The premise is that you write in cells so the tool can do individual letter analysis. You must train it on your handwriting for now -- no default profile is provided. This means substantial work for Latin-based language speakers, and insurmountable challenge for Asiatic languages.
More useful than you'd think
You can use it with a regular mouse, but Cellwriter is intended for use with stylus inputs, like tablets or touchscreens. The software consults with a number recognition engines to determine the input to a given cell: a stroke preprocessor (to accommodate different stroke orders and digitizer aliasing), average distance of the input from sample input, average angles, and frequency weighted word context.
Tablet input might seem like a slow and silly idea, but it's useful in a number of places:
Devices without a real keyboard. Nokia internet tablets come to mind.
Settings where a laptop screen between you and another person forms an unwanted barrier. Classrooms are a good place where an LCD display can be a barrier between you and the lecturer and the chalk board, and a distraction to those around you.
Text input to drawing applications. Sometimes you want to add some nicely rendered text to a drawing, but don't want the hassle of rotating the screen to get access to the keyboard.
Airplanes. Coach is a crowded space, and laptops sometimes fit poorly. Tablet input can reclaim some of the space the airlines keep taking from you in the name of efficiency. I've yet to test this theory, however.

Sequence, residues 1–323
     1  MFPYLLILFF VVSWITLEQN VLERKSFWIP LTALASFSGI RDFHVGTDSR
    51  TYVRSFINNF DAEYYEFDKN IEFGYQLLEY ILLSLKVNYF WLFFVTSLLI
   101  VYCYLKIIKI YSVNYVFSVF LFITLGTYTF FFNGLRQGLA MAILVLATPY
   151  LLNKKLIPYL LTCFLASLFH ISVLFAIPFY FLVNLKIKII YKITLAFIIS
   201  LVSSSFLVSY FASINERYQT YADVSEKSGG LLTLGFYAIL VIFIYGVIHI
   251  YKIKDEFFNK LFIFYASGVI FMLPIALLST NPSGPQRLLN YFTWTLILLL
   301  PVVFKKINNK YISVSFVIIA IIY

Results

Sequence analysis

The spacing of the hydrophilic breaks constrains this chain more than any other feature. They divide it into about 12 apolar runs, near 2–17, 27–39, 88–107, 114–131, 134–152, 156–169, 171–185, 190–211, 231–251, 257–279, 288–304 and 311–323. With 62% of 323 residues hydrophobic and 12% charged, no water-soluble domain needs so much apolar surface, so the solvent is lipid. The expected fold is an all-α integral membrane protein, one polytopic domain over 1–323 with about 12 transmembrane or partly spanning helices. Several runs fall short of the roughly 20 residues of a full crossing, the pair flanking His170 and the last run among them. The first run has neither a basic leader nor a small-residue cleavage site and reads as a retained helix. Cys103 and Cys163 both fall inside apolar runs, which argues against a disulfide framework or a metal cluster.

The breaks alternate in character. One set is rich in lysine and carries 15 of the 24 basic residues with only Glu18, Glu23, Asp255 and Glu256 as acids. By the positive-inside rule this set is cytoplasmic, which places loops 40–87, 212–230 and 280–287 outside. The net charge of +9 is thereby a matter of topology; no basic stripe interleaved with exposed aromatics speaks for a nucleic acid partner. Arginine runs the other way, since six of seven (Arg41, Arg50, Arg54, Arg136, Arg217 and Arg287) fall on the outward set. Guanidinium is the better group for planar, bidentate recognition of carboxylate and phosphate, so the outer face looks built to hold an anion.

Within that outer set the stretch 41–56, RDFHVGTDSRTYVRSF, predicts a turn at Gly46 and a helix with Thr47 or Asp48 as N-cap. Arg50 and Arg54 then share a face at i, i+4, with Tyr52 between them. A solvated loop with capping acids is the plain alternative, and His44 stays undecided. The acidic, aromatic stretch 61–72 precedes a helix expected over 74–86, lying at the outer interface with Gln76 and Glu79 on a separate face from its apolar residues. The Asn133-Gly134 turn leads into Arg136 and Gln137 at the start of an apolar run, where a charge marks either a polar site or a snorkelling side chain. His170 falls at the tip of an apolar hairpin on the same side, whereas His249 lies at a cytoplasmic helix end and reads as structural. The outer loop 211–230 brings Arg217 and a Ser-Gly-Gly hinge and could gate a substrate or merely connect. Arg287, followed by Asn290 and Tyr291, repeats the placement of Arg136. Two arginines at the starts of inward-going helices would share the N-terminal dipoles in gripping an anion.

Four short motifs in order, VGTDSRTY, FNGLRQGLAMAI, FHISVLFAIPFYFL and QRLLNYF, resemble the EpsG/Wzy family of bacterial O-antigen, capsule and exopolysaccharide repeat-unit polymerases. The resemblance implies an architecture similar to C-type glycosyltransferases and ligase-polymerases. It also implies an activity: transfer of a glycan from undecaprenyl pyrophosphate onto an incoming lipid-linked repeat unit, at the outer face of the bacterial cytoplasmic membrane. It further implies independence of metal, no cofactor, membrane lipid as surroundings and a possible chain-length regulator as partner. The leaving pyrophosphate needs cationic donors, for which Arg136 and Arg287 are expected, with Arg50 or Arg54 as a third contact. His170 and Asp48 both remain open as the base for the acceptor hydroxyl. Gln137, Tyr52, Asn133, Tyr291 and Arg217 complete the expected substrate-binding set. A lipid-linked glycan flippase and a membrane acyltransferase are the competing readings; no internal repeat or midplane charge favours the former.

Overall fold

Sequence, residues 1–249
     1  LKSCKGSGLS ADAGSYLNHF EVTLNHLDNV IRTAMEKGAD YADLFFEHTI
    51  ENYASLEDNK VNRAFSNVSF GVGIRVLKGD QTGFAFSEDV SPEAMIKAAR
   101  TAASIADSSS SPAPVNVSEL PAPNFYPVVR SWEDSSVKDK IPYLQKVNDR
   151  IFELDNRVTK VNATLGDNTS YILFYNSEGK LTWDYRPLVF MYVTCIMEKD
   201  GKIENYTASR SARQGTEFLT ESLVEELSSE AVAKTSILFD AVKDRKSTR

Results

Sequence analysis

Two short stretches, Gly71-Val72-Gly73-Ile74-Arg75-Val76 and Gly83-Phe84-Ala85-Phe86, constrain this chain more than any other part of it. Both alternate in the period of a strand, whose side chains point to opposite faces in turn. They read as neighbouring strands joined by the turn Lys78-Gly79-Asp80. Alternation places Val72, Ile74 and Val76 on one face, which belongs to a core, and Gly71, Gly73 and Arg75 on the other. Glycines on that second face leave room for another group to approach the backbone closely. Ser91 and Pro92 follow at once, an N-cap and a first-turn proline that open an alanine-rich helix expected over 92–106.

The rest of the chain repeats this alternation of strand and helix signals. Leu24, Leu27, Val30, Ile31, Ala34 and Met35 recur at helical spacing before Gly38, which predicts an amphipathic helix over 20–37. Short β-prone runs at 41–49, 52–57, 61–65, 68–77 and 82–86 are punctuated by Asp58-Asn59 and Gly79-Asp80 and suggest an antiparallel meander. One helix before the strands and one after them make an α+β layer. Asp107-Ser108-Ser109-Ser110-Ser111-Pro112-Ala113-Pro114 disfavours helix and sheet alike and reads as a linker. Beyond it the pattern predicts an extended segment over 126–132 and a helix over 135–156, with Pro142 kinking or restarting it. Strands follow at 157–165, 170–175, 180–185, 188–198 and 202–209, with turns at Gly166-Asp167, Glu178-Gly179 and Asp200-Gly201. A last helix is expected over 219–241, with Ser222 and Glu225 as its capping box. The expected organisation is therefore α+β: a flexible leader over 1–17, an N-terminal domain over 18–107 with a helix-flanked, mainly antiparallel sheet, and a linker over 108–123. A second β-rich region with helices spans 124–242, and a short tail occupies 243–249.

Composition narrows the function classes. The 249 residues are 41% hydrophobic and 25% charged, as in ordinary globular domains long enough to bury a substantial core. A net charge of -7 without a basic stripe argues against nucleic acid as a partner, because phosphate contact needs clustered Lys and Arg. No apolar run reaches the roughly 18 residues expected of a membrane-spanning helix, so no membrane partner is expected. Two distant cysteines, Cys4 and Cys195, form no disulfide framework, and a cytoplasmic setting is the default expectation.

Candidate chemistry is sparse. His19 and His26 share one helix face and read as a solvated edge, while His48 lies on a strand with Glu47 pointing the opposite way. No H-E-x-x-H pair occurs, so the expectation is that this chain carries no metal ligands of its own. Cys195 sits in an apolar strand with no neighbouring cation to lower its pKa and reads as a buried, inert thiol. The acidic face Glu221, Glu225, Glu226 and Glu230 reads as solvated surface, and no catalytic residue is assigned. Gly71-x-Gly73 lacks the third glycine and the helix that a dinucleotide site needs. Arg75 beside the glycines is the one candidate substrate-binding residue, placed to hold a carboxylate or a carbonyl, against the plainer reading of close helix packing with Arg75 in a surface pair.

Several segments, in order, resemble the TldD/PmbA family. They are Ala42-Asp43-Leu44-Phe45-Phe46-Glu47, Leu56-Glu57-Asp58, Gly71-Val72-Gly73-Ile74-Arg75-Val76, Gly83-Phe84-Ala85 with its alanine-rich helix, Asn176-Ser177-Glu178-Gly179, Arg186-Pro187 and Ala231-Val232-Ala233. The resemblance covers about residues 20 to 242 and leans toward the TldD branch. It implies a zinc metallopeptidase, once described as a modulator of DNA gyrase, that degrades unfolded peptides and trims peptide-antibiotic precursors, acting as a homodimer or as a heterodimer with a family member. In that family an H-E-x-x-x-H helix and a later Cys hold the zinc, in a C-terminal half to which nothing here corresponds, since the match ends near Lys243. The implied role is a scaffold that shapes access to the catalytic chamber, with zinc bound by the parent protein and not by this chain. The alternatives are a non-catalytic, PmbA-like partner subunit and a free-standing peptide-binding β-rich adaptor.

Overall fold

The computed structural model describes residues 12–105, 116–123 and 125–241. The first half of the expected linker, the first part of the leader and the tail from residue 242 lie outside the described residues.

CellWriter is a young project, and there are still a number of areas where Cellwriter needs more help:
Default trained database. For some languages the sheer number of characters is overwhelming, and attempting to train for an individual is farcical. Creating and using default data set would improve immediate usability for both Latin and non-Latin languages.
Internationalization. Levin is reportedly working on gettext support, which is an important first step. From there community translation services like Rosetta can aid in bringing the tool to a wider audience.
Librarification. Currently CellWriter is a GTK application; there is an open invitation for volunteers to split the code into a reusable library, as well as a Qt UI for KDE. This could be very useful, if say you wanted GNOME Sudoku to support handwriting input, or a KDE native UI version.
Bug fixing. A number of bugs still exist in CellWriter; if you have experience with GTK and struts, this bug could use your expertise. Additionally, the video above highlights a number of minor UI flaws, some of which I'm told are going to be fixed in the next release. Any bugs, patches or feature requests can be reported at the Launchpad Project page, or on an impromptu forum as bug tracker on Risujin.
Get it today
You can easily install CellWriter in Hardy or Intrepid:
Or you can install it in Debian with
apt-get install cellwriter
Thanks to Michael Levin for his continuting work and to UROP for making it all possible!